A year on from a bruising World Cup quarterfinal, Brazil and Colombia will lock horns once more on Wednesday in a an eagerly awaited and potentially crucial Copa America Group C encounter. For both countries, much has changed since Brazil triumphed 2-1 in Fortaleza thanks to David Luiz’s outrageous free-kick. And yet much remains the same.
Just four days after that victory, of course, Brazil suffered the worst defeat in the country’s history when being routed 7-1 by Germany on home soil. And since then the primary task has been to restore pride to the Seleção. Former coach Dunga was a surprise and largely unpopular replacement for Luiz Felipe Scolari, but so far the former no-thrills World Cup winning midfielder has delivered a perfect set of results.
After 10 victories from 10 friendly matches, Dunga’s competitive record in charge now stands at a perfect one victory from one game following a 2-1 success over Peru to start their Copa America on Sunday. With the likes of Fred, who became the unfortunate scapegoat for the World Cup disaster, now cast aside, Brazil showed some edginess in Temuco, but they also provided further signs that they will be far less fragile under Dunga’s leadership. And they ultimately prevailed thanks to a sensational pass from Neymar to set up substitute Douglas Costa in injury time.
It wasn’t a vintage performance, but that has never been Dunga’s focus. Either as a player or a coach, he has displayed little interest in winning friends -- it is all about simply winning. Such was the case in his first spell in charge, when in the 2007 Copa America Brazil overcame an opening defeat to Mexico to go on and beat a more talented Argentina team 3-0 in the final.
Yet issues from last year’s World Cup still demonstrably remain. Although Dunga has introduced Atlético Madrid’s Miranda into the center of defense, he has surprisingly done so at the expense of Thiago Silva. That means one of the prime architects of the Mineirazo, David Luiz, remains. And so does his propensity for calamity, as was emphatically demonstrated by a mix up that led to Peru’s opening goal after just three minutes.
At the other end there is still a huge reliance on Neymar. The Barcelona star has flourished since being handed the captaincy and not only created Brazil’s winning goal against Peru, but also scored the equalizer. With the functional Diego Tardelli in attack, supported by Fred -- not that one -- and Chelsea’s industrious Willian, almost everything good Brazil did came through the 23-year-old Neymar.
A year ago, Colombia attempted to quell the influence of Brazil’s main man by dishing out plenty of rough treatment. It was one such harsh challenge that led to the back injury that meant he missed the semifinal and sent his teammates spiraling into an over-the-top mental anguish that cost them so dear against Germany.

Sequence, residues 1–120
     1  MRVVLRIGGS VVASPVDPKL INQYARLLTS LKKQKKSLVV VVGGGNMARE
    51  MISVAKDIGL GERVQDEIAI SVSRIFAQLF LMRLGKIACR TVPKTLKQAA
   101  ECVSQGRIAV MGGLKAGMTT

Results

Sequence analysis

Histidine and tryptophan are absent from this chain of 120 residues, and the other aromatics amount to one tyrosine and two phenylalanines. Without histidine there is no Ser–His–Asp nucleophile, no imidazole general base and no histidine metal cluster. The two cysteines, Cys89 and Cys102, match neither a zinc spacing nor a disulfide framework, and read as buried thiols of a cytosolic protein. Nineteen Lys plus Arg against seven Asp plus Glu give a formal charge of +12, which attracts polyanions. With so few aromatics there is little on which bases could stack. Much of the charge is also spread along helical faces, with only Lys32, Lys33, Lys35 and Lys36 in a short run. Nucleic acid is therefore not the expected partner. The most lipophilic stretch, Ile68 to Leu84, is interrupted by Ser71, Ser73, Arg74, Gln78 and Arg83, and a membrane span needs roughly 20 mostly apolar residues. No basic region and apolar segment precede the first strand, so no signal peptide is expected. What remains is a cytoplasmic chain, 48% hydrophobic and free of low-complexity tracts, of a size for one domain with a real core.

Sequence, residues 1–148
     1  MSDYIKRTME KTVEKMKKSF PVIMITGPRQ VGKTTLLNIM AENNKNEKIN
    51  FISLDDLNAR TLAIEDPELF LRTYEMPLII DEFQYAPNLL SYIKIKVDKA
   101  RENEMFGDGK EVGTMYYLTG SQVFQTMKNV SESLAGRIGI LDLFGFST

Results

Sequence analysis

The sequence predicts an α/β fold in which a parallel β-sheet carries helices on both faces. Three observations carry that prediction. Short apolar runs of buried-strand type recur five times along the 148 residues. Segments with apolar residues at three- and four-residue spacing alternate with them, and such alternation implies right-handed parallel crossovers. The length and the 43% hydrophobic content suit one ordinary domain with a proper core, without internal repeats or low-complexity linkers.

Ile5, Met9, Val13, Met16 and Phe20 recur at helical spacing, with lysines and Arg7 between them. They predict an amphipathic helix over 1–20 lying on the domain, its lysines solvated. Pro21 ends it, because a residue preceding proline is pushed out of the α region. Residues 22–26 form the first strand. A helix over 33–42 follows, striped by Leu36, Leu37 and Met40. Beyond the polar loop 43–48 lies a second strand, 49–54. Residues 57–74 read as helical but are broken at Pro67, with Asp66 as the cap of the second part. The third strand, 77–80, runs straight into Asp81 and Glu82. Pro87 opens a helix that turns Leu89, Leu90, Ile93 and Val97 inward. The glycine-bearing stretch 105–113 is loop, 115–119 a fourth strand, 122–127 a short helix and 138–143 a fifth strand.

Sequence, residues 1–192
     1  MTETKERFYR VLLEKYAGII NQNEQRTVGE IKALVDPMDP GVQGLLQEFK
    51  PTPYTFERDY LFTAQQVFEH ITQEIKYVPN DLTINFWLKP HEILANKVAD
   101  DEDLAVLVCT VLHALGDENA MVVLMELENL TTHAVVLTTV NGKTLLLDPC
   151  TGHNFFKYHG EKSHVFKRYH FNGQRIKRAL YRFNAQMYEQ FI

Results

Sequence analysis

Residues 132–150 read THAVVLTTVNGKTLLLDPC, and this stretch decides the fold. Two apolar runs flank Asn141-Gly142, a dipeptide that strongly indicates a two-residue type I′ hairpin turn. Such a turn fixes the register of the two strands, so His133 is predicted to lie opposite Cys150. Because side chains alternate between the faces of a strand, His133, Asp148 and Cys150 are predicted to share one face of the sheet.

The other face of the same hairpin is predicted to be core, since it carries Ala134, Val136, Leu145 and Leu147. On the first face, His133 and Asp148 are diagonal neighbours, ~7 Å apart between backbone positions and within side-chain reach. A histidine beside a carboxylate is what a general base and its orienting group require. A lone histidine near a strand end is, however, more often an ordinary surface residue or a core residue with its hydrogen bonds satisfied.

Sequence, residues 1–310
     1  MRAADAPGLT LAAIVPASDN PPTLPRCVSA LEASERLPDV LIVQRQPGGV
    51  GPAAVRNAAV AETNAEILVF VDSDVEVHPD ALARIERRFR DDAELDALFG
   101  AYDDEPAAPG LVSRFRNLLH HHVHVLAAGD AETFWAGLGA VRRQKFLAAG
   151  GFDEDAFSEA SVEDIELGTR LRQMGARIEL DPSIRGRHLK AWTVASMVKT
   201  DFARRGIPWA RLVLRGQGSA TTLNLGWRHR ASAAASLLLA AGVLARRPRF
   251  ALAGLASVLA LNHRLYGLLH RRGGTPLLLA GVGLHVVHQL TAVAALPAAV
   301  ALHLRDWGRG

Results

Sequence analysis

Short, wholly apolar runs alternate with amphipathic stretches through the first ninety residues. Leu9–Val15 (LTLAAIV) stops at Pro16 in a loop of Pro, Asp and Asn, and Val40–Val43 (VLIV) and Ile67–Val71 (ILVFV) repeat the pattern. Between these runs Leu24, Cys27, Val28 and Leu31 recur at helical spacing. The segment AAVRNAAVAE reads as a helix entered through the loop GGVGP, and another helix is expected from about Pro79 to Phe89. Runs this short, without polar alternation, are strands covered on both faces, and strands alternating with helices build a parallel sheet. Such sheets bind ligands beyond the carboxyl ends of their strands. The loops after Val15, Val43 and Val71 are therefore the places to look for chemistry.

Colombia, of course, have their own superstar. And, as is the case with Brazil and Neymar, Los Cafeteros are hugely dependent on James Rodríguez. It was In Brazil last summer that Rodríguez became a global star, inspiring his country to its best ever World Cup finish and subsequently earning a big-money transfer to Real Madrid. He did so, though, following an injury that ruled out the country’s biggest name, Radamel Falcao. Seen at the time as a disaster, Falcao’s absence allowed Rodríguez to flourish at the heart of the team behind one central striker.
But now Falcao is back. While the 29-year-old had a hugely disappointing season on loan at Manchester United, Colombia coach José Pékerman has shown huge faith in him, even handing him the captain’s armband. But, while Pékerman has seemingly decided that Falcao will be in the team, he has also made it clear that he thinks the former Atlético Madrid man needs to play with a partner up front.
Against Venezuela, Falcao was joined by Sevilla’s in-form striker Carlos Bacca, but the pair offered precious little and Colombia slumped to a surprise defeat against their industrious and shrewd opponents. With little movement up front and a lack of passing quality behind him, Rodríguez struggled to make the impact Colombia require in order to flourish. In all, the side looked far less fluid than they did at the World Cup.
For Colombia, after an opening defeat, there is more pressing urgency, but for both Pékerman and Dunga the task is to maximize the impact of their key men while ensuring that they aren’t the only ones making a contribution.
Prediction: Neymar’s pace can certainly hurt a suspect Colombia defense, but Rodríguez could also flourish finding pockets of space in behind a Brazil midfield lacking a natural holding player. And Colombia’s greater need for a positive result could help them emerge with a point.
Predicted score: Brazil 1-1 Colombia